Medico legal documentation in a case of Poisoning

Presentation on Poisoning
Download

Medical examination on the Accused of a Sexual Assault

Can you force a medical examination on the Accused of a Sexual Assault? Is it relevant to document the POTENCY of the Accused?
Download

Medico legal documentation in a case of DYING DECLARATION

Presentation on dying declaration
Download

Social Determinants of Health

Health is a socially constructed reality, a product of the physical and social environment in which we live and act. Differences in people’s health status, including those by gender, arise not only from biological differences but also as a consequence of differentials in social and economic status.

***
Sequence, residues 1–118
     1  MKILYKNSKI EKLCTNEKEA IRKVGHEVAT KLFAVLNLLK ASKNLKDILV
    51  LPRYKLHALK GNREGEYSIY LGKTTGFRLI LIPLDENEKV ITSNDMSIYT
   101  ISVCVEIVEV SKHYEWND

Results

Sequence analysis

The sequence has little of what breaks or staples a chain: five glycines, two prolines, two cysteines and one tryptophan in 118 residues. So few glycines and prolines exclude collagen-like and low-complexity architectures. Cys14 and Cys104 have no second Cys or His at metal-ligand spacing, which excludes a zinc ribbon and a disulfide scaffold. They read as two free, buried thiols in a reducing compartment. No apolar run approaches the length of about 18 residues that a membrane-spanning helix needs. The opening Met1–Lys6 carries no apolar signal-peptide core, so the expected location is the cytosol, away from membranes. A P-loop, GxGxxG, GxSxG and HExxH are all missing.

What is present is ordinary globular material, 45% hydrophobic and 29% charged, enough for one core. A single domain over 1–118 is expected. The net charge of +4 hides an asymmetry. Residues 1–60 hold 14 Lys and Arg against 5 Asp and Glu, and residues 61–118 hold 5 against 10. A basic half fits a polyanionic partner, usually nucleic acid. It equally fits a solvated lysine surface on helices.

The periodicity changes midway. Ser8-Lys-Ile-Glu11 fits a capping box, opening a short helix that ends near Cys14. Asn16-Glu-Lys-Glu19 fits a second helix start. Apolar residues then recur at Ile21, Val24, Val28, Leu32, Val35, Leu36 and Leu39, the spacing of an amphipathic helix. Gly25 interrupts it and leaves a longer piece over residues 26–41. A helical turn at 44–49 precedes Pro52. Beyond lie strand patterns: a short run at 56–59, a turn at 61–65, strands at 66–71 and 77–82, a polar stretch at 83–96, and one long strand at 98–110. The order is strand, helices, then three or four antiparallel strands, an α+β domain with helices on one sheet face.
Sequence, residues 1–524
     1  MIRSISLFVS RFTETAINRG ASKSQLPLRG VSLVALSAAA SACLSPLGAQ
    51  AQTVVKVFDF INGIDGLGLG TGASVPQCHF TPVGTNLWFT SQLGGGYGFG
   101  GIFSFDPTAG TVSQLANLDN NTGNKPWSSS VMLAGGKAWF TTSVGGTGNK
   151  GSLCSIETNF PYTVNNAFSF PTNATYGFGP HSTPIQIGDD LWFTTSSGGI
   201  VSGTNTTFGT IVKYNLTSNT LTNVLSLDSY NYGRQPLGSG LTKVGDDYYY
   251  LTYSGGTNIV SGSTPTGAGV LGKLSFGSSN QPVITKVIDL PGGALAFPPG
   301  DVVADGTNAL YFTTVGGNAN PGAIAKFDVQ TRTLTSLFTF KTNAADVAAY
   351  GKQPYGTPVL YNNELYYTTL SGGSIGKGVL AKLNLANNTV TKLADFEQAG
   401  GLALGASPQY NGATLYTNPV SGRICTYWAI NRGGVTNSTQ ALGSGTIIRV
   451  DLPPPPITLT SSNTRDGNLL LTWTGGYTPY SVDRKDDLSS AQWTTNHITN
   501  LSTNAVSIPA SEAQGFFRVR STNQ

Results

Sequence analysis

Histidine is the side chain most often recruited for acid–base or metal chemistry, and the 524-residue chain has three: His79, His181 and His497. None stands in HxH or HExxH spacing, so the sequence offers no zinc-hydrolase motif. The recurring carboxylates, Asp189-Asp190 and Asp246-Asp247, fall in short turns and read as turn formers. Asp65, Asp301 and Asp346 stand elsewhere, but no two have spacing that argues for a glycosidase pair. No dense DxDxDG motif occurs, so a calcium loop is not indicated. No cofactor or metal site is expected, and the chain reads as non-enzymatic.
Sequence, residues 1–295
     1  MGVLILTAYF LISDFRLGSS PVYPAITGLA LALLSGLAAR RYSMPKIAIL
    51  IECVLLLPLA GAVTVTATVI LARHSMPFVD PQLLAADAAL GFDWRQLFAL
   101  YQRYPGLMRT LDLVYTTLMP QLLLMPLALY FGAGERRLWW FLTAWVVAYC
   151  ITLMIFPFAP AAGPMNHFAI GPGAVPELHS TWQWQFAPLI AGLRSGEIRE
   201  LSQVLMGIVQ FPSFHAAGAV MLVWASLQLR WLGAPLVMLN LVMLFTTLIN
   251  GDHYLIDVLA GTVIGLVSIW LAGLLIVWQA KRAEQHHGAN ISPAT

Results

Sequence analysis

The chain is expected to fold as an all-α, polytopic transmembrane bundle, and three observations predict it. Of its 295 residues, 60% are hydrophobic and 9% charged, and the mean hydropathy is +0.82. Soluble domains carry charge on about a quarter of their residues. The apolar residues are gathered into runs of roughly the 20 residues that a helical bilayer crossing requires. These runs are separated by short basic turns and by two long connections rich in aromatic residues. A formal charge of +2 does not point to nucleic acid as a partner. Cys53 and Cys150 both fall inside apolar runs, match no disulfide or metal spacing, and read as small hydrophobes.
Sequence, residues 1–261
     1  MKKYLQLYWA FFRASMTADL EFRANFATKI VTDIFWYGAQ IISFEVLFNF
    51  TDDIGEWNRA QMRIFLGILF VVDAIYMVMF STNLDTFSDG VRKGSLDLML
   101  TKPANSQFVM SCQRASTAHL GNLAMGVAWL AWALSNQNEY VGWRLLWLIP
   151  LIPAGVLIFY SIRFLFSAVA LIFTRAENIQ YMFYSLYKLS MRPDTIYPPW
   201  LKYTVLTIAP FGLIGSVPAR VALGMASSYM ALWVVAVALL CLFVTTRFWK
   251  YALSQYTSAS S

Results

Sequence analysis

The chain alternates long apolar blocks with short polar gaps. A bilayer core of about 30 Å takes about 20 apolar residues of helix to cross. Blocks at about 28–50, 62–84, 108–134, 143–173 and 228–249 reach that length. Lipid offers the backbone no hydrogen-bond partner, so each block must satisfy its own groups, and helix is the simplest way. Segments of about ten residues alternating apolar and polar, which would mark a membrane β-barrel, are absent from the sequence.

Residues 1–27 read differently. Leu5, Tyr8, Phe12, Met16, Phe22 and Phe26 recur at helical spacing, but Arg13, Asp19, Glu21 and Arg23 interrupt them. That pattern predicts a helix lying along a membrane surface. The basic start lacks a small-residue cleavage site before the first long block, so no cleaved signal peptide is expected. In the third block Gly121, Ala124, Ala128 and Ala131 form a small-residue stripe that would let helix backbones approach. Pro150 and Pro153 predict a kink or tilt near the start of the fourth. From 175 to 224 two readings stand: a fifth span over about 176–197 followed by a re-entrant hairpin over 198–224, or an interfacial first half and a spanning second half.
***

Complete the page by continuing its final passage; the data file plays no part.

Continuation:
Download

GME Phase II: Workshop for GME Faculty

The workshops was organized for the GME faculty on January 18 & 19, 2016. The main objective of the workshop was to orient the faculty to the proposed interventions, To share the finalized gender- integrated modules, to acquaint them the tools for process documentation and to develop the timeline for the intervention.
Download

GME Phase II: Workshop for GME Faculty

The workshops was organized for the GME faculty on January 18 & 19, 2016. The main objective of the workshop was to orient the faculty to the proposed interventions, To share the finalized gender- integrated modules, to acquaint them the tools for process documentation and to develop the timeline for the intervention.
Download

GME Phase II: Workshop for GME Faculty